- Abstract: Experimental evidence indicates that simple models outperform complex deep networks on many unsupervised similarity tasks. We provide a simple yet rigorous explanation for this behaviour by introducing the concept of an optimal representation space, in which semantically close symbols are mapped to representations that are close under a similarity measure induced by the model’s objective function. In addition, we present a straightforward procedure that, without any retraining or architectural modifications, allows deep recurrent models to perform equally well (and sometimes better) when compared to shallow models. To validate our analysis, we conduct a set of consistent empirical evaluations and introduce several new sentence embedding models in the process. Even though this work is presented within the context of natural language processing, the insights are readily applicable to other domains that rely on distributed representations for transfer tasks.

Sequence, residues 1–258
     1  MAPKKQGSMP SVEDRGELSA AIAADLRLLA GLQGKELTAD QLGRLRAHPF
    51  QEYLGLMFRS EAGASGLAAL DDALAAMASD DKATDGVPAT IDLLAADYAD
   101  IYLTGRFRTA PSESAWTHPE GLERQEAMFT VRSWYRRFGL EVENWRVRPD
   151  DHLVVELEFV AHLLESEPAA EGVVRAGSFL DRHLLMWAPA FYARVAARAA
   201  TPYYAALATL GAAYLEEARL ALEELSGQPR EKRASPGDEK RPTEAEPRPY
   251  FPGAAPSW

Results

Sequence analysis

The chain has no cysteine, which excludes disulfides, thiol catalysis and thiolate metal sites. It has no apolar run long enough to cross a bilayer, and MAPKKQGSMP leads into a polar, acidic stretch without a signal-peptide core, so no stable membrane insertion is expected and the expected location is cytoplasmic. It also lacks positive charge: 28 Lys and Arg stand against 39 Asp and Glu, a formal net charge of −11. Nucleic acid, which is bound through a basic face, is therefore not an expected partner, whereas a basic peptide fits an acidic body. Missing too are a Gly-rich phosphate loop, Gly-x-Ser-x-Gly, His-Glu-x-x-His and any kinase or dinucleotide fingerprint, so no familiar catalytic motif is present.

- TL;DR: By introducing the notion of an optimal representation space, we provide a theoretical argument and experimental validation that an unsupervised model for sentences can perform well on both supervised similarity and unsupervised transfer tasks.
- Keywords: distributed representations, sentence embedding, representation learning, unsupervised learning, encoder-decoder, RNN